Proscription (proscriptio) is the public identification and official condemnation of enemies of the state. It is defined by the Oxford English Dictionary as a "decree of condemnation to death or banishment" and is a heavily politically-charged word frequently used to refer to state-approved murder or persecution. Proscription implies the elimination en masse of political rivals or personal enemies, and the term is frequently used in connection with violent revolutions, most especially with the Reign of Terror in the French Revolution. The term is also used to express the political violence in Argentina against Peronists after Peron fled into exile.
Sulla used proscription to restore the depleted Roman Treasury (Aerarium), which had been drained by costly civil and foreign wars in the preceding decade, and to eliminate enemies (both real and potential) of his reformed state and constitutions; the plutocratic knights of the Ordo Equester were particularly hard-hit. Giving the procedure a particularly sinister character in the public eye was the fact that many of the proscribed men never appeared again after being quietly taken by a group of men all named "Lucius Cornelius" (these men, the Sullani, were all Sulla's freedmen), giving rise to a general fear of being taken from your home at night, as a consequence of any outwardly seditious behaviour.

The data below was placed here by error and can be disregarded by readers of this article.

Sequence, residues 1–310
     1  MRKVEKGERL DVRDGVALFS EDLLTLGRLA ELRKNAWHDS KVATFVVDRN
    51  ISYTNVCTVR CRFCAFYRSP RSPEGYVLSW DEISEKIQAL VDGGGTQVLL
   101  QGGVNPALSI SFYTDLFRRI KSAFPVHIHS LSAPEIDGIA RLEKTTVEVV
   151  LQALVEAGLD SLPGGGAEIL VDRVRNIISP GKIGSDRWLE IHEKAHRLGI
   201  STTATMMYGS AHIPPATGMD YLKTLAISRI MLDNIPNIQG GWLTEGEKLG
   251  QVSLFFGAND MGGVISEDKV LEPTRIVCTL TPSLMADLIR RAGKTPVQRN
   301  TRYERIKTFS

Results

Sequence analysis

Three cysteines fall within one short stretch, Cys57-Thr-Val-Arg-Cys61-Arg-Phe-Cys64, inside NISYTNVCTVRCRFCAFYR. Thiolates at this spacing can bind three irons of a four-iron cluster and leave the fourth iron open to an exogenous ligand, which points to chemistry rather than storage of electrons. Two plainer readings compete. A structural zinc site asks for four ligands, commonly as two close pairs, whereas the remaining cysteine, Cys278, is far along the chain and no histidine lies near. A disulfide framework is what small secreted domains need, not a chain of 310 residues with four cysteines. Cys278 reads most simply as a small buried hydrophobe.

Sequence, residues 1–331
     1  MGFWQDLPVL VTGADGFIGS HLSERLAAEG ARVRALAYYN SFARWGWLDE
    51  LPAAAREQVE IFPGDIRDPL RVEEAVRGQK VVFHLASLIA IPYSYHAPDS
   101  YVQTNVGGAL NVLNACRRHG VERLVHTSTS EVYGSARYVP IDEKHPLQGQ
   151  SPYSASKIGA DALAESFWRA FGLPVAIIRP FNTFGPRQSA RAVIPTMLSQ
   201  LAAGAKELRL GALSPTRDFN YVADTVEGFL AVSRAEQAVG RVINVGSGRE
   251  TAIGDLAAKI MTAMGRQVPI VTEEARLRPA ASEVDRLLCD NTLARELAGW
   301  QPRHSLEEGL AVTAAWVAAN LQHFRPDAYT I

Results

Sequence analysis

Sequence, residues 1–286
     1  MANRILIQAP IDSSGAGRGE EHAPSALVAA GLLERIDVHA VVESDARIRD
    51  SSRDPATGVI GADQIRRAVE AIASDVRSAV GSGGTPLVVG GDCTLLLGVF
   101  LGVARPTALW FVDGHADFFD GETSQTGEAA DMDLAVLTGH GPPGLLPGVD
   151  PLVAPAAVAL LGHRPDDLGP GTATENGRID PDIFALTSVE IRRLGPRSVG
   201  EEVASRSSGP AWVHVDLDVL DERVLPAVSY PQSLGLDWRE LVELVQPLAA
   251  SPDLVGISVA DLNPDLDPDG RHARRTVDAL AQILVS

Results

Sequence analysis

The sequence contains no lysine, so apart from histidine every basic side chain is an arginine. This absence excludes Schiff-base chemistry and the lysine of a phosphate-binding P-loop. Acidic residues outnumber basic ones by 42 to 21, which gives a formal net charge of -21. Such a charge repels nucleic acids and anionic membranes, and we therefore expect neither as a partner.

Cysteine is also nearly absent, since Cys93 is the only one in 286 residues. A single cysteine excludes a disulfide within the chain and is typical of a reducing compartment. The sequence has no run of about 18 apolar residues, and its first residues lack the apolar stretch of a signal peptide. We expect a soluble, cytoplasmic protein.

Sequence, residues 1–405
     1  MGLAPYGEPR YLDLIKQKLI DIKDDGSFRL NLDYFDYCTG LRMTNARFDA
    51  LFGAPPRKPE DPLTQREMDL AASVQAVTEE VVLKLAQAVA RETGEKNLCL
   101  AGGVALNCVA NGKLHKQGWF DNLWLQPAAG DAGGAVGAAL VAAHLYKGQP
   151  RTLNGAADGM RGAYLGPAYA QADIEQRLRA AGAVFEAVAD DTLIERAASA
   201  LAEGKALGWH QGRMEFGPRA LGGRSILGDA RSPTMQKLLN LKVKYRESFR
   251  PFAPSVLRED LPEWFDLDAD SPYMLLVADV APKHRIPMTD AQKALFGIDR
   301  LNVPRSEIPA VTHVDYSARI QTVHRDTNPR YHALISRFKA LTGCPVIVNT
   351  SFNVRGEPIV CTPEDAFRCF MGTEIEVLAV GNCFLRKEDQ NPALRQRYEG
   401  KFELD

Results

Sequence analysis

Sulla's proscription was bureaucratically overseen and the names of informers and those who profited from killing proscribed men were entered into the public record (because Roman law could criminalise acts ex post facto, many informers and profiteers were later prosecuted). The procedure was overseen by his freedman steward, Lucius Cornelius Chrysogonus, and was rife with corruption.